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In Honor of National Coming Out Day

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I want to recognize and celebrate National Coming Out Day, even if I don’t seem to be able to string together two sentences lately. I used to get stressed out when I had nothing to offer the empty page or the blank blog, but these days I am being kind to myself.

It is what it is (or isn’t).

Like many Americans, I am alternatively depressed, angry, stunned, or terrified by the raging chaos in the White House that has spewed onto the international stage. The result of the jarring tug-of-war in my head is a kind of creative paralysis. I’m not even writing in my personal journal, which is pretty unusual. It’s almost as if any type of reflection is dangerous — I need to be detached at the moment.

Still, on some occasions we must rise above, and I deem National Coming Out Day to be one of those occasions.

The pain and confusion experienced by most LGBTQ people at some time in their lives has deeply affected me in ways that I won’t go into right now. I have seen the utter misery of someone who is unable to come out of the closet, and I have witnessed the ebullient joy of someone finally being true to who they are.

I honor the courage of my friends and family who have struggled, and I salute you today — in or out of the closet. May there come a day when all feel safe being themselves.

Today and everyday I reject judgment, intolerance, hatred, and bigotry, most especially when it purports to be connected with Jesus Christ. That spirit does not come from the Jesus I know.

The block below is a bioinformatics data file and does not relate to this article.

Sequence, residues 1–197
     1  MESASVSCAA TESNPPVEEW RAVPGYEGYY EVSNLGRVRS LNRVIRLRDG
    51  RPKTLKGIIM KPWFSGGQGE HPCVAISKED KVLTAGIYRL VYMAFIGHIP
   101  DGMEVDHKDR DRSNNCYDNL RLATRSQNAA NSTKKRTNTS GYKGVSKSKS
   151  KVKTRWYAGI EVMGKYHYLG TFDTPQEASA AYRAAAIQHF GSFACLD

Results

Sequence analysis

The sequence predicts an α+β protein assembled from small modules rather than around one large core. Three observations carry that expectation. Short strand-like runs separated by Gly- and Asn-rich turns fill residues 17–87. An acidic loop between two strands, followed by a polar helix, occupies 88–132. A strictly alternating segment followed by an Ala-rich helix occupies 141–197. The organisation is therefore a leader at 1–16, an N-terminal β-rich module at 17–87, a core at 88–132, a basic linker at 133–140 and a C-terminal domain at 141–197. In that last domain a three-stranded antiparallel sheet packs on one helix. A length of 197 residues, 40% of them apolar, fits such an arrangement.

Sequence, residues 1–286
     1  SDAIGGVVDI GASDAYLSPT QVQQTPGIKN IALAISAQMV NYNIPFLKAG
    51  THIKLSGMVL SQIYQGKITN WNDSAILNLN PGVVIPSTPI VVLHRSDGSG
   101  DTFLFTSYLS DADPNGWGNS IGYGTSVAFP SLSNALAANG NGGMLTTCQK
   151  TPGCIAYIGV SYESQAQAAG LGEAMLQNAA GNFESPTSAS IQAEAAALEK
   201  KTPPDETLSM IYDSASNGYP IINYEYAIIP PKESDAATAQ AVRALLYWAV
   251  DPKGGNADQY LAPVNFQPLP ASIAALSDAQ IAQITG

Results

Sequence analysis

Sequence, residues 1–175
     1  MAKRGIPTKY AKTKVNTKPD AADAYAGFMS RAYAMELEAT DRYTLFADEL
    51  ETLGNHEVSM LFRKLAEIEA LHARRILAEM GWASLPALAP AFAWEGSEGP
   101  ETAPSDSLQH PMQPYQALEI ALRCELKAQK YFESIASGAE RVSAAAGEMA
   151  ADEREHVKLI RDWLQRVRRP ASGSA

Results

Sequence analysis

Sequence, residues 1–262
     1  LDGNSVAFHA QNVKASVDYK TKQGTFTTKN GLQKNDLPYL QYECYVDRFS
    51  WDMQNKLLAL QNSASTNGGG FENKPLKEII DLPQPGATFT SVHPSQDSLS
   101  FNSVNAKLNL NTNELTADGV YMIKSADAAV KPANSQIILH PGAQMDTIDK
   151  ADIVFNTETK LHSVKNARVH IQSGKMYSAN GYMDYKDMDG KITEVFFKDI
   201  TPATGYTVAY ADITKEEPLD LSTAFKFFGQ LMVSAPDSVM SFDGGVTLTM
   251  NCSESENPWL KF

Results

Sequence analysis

“The fruit of the spirit is love, joy, peace, patience, kindness, goodness, faithfulness, gentleness, and self-control.” (The Bible, Galatians 5:22-23.)

Period. And amen.

Who Said Anything About Sex?

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WHO SAID ANYTHING ABOUT SEX?

As it turns out, generating three hundred words a day isn’t as easy as it sounds. I may rue the day I agreed to join this writing challenge with my fellow Hopkins grad school alumni.

I started work on a “spiritual memoir” that’s been gestating for more than a year: 871 words the first day, 467 the second, and 436 the third day. Then I took a two-day break, brought on by the total absence of anything to say.

My spiritual memoir had taken a decidedly sordid turn and become all about my awakening sexuality, something I had no intention of writing about. Within the first three days, I’d played spin-the-bottle and kissed the neighborhood pastor’s son, a gangly gay boy who later died of AIDS; had my first “real” kiss in a church basement while a psychedelic sock-hop raged upstairs (if you don’t know what a sock-hop is, consider yourself fortunate); and fallen hard for a missionary’s son who touched my thirteen-year-old breasts and left me reeking of Jade East cologne.

So you tell me – wouldn’t you run from that? God only knows where the next three hundred words might take me.

Runaway Narrative

I have no apparent control over the narrative of my own story. I start off musing about how I came to know God and end up being felt-up by a missionary’s son. And I know what happens once I hit the later teen-aged years. It’s not pretty and it probably wouldn’t be shelved in spiritual memoir.

Worse yet, I have journals from all those years, and this whole enterprise may lead me into a long-delayed exploration of those yellowed pages. The last time I read back through my journals was in 1980. Really.